Could ancient astronomers have proven heliocentrism and, if so, how could they have done so?


1 Answer 1


You can't ever "prove" heliocentrism! (We can't even today. Thinking that science "proves" things is not at all helpful in doing science.) What we can do is show that a heliocentric model of the Solar System is simpler and explains more observations with fewer assumptions. (E.g., a heliocentric model is compatible with Newtonian mechanics and a world where earthly mechanics and heavenly motions are explained by one theory is very persuasive compared with older models of planetary motion. But it is not proof.)

The ancient Greeks and the medievals ran into the same basic problem: They were convinced that motions in the sky must be circular and, in the absence of Newton's work, circular motions around the Sun were no more elegant and no more explanatory than circular motions around the Earth. (One of the main reasons Copernicus' theory was not quickly accepted is that it used circular motion and thus made seriously wrong predictions of the motions of the planets, especially Mars. By around 1600 we had excellent naked eye measurements of planetary motion, probably far better than what the Greeks had. It was Kepler's elliptical orbits which made heliocentrism convincing.)

Remember also that measuring absolute distances to celestial bodies was very difficult without telescopes, so the Sun being enormously more massive than the Earth was not obvious, making its centrality also less obvious.

It's also worth remembering that the focus of astronomy up until the early 1600s was on understanding and predicting the motions of the planets, and not understanding them as physical bodies. (Remember that even in the 1800s some reputable scientists doubted that we would ever be able to understand the true nature of the planets and stars -- then spectroscopy was developed.)

On the other hand, the Greeks knew about ellipses, so a clever Greek mathematician could have proposed elliptical orbits (for Mars and the Moon, at least) and come up with a theory which predicted their motions very accurately. But until you know the relative masses of the Sun and Earth or start to have an inkling of Newtonian dynamics and gravitation, it's really not terribly important which body is at rest.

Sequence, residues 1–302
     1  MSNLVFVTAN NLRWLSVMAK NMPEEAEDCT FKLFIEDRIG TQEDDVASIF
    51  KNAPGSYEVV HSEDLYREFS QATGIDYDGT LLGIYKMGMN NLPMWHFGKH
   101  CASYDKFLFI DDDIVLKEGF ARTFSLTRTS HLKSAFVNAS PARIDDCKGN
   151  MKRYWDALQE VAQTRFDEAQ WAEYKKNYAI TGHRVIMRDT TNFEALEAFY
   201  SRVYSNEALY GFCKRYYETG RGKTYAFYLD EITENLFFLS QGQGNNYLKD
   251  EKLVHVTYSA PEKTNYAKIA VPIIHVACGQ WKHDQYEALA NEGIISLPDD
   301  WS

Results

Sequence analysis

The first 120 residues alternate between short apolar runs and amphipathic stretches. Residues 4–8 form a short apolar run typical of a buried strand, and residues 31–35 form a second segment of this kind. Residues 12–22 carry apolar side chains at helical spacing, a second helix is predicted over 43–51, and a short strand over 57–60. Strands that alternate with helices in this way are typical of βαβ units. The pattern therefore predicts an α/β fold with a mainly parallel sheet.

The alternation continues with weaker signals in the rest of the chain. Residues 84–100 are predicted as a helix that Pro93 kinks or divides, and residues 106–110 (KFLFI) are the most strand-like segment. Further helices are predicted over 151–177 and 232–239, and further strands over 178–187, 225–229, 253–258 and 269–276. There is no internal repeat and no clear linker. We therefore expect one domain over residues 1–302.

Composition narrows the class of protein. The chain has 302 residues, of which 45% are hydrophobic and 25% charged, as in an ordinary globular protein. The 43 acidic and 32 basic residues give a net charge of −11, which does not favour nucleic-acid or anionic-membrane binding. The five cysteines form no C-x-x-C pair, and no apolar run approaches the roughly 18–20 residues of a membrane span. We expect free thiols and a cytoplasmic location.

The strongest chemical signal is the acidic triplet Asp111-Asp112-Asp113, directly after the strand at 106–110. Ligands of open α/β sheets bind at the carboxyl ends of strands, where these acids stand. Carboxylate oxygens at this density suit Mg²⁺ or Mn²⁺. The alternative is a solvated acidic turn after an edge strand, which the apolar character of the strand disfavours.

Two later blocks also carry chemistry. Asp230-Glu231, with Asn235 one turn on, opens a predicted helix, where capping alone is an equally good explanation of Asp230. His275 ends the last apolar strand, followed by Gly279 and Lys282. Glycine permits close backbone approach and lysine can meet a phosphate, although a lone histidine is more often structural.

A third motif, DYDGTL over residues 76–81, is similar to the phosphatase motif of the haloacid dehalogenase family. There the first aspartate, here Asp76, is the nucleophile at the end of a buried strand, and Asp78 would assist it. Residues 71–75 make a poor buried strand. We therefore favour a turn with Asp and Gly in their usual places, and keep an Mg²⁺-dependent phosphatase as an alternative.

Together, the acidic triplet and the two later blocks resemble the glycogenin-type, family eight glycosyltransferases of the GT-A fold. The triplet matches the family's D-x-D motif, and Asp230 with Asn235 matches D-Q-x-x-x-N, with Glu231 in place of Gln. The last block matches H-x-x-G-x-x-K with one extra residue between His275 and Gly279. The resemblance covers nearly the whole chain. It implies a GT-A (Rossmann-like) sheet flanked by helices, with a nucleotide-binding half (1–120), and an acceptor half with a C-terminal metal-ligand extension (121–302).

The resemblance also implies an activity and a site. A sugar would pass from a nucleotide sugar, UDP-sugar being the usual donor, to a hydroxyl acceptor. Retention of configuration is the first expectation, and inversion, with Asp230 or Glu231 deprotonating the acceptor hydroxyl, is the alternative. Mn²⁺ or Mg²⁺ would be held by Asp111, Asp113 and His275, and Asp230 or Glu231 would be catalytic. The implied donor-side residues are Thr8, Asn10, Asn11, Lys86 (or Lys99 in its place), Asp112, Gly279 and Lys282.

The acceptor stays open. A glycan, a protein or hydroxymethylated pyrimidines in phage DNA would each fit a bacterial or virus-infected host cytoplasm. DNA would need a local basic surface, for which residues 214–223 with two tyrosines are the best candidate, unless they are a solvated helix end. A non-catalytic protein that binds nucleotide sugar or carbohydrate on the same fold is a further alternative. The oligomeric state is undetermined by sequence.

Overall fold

Bottom line: There was just too much science yet to be developed for the Alexandrian Greeks to find a heliocentric Solar System to be compelling. (But even then, never proven.)

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    $\begingroup$ Yes we can. The deep space probes would not have worked if geocentric theorem were true. $\endgroup$
    – Joshua
    Commented May 29, 2023 at 0:52
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    $\begingroup$ @Joshua Mark is making a general, philosophical point about how science works. You can't really ever prove something outside mathematics. You can disprove things, so you can argue that the probes' working disproves geocentrism, but that doesn't prove heliocentrism. $\endgroup$
    – terdon
    Commented May 29, 2023 at 11:01
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    $\begingroup$ Before Newton there was another strong argument against heliocentrism: why do things have weight? The accepted model was that all matter has a tendency to strive to move towards the center of the world. But if that center is not the center of the Earth, then what keeps things striving towards the center of the Earth? (sadly, due to certain unwise political decisions made by Galilei, the popular consciousness mistakenly views the debate of his era as one between science and ignorance, but before Newton, heliocentrism wasn't all that obviously better at explaining how the world works) $\endgroup$
    – vsz
    Commented May 29, 2023 at 16:57
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    $\begingroup$ To not open a new answer just for this, I'd add stellar parallax to your "bottom line". Stellar parallax was first successfully measured in the 19th century, and that was definitely a very strong evidence for heliocentrism versus geocentrism. And 19th century manufacturing and precision was way more advanced than anything the ancient astronomers could have managed. Stellar parallax is also important because in Galilei's time the failure to observe it was a strong evidence for geocentrism. $\endgroup$
    – vsz
    Commented May 29, 2023 at 17:02
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    $\begingroup$ @vsz: I like a theory I read about, put forth by IIRC Tycho Brahe, which suggested that the planets revolve around the Sun, but the stars revolve around the Earth. This model fit observations just as well as the heliocentric model, and didn't require blind belief in interstellar distnaces that are many orders of magnitude larger than any distances between objects in the Solar System, nor blind belief in stars that were many orders of magnitude larger thant the Sun. $\endgroup$
    – supercat
    Commented May 29, 2023 at 17:32

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